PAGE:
Irvine Welsh called his book about addiction Trainspotting. He said the hobby invokes the same levels of obsession as he had seen in junkies. And that’s what we are. Junkies. We spend our time and energy on these little bits of cardboard. Personally I consume deck techs and draft videos like they are canapés at a wedding. I can’t get enough of talking about the value of different underplayed cards. If anyone in my local games shop wants to venture an opinion on what Modern staples will be reprinted, we could be there for an hour. And I love it. You do too. That’s what a consuming hobby does to you. It takes the weird and unreasonable things and makes them normal. I wonder how many of you have had this conversation with your friend or colleagues?
“So did you do anything over the weekend?”
“Yeah I went to Milton Keynes with a few mates.”
“Oh nice. What did you get up to?”
They nod politely and wait for your answer.
“… I went to a convention where I played Magic: The Gathering. It’s a strategy card game.”
You can see it in their eyes, they wanted a normal response. They wanted you to tell them you watched a football match or went to a pub. They didn’t want you geeking up the conversation.
It won’t stop us, we are all too far down the rabbit hole. I came to the game late, I’m in my mid thirties and have only been playing for 18 months. My story is very similar to most who start to play.
I bought a few intro decks for me and my son to play with. We played with them at home on the kitchen table. We played ten games a day in the first week; we never stopped. My wife thought it was weird but we were so interested in working out what we were doing.
I went back to the LGS (Cheap Thrills) and the guy there sold me two more intro decks. He also gave me one each of the starter packs and handfuls of land and tokens. When we got home, me and my son looked at this huge pile of cards and I remember him saying
“Wow, look at all these cards! We will probably never need another card again. We can probably make like ten decks with this lot.”
And that is similar to what I thought too. I look back at how foolish I was now and shake my head.
Going to your first FNM is scary. I see posts about it from people looking for advice on MTG forums quite frequently. Most people will be like me and my son, they will build and play against each other for a while before going to FNM. And then they will get beaten for weeks and weeks but, like every addiction, they will endure great pain and humiliation just to be able to play.
If you’ve been playing for a while you will remember when things started to click for you. A moment in time when you saw a particular interaction and it was as if someone had lifted a veil from your eyes. It took me a while. I had to consciously study to improve, and what made my slow improvement more exasperating was the fact that my nine year old son was a natural.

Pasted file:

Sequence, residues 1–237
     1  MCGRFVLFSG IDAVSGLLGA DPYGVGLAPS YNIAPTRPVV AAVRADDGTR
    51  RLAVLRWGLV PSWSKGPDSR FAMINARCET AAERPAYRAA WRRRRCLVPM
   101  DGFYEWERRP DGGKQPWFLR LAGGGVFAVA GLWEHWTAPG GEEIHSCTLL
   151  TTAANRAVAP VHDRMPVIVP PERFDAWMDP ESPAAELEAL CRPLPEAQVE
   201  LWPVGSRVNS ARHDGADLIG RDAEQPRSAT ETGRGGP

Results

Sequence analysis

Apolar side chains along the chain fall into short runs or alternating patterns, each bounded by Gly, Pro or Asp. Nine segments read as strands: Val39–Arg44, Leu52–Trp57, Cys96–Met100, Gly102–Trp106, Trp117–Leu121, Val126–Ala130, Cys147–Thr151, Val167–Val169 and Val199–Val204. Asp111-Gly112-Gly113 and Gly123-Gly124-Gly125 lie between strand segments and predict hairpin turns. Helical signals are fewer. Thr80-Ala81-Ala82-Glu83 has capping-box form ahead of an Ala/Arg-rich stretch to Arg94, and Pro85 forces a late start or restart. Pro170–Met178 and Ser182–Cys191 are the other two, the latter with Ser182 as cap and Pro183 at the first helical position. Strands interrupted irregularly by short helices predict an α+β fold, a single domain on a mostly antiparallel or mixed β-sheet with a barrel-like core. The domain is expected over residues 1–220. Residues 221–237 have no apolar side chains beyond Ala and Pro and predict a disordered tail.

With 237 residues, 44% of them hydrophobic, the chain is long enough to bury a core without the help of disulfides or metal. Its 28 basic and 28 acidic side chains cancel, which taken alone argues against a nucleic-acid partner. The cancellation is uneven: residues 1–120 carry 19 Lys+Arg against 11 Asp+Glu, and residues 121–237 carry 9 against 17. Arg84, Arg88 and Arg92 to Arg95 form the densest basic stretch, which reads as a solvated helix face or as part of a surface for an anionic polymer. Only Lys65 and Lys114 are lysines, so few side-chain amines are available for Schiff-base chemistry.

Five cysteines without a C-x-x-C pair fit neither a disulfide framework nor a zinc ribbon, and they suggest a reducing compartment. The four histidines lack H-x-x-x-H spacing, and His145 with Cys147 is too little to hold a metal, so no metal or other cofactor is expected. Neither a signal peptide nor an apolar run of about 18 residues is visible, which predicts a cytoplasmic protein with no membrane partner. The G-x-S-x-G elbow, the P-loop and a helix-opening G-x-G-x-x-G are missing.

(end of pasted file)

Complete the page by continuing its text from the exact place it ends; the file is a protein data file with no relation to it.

In my LGS we used to use a small room behind the shop itself. Most weeks there would be a few overflow tables out in the corridor. If you were winning you were in the room, the lower your table number the more likely you would end up in the corridor. I was always out there. The first few weeks my son was too but then he started winning. He was in the room. I only got to see him between rounds if he chose to visit me out in the corridor.
I would play against the teenagers who were having a bad run that week. Out in the corridor with me they would ask, “How come you’re so bad when Brew is like eight and he wins all the time?”. Talk about kicking a bloke when he’s down.
My son too is an addict. I would feel bad about turning one so young onto such a consuming habit but the truth is it’s a good cover story for those awkward conversations at work.
“Well it’s for my son really.”
People are much more accepting when they think it’s just a game for children.
MTG has a habit of leaking into our family life. We use its language and rules in real life all the time. More than once I have told him that “Get to bed does not use the stack.” Or he has told me that he has “countered tidy up.”
But my favourite has to be when we were having our kitchen remodel’ed and we had only basic cooking facilities. The children loved it because they got to eat all sorts of convenience food that my wife would never normally let them eat. On this particular occasion I was making Smash. The box was on the side, my son comes in and starts chatting to me about his school day. The curious new food stuff catches his attention and he reads the box out loud.
“Instant Mash Potato.”
There is a small beat where I can hear his cogs start to whir.
“Does that mean I can Mash Potato in response?” he asks, cracking himself up.
Man, I love this game.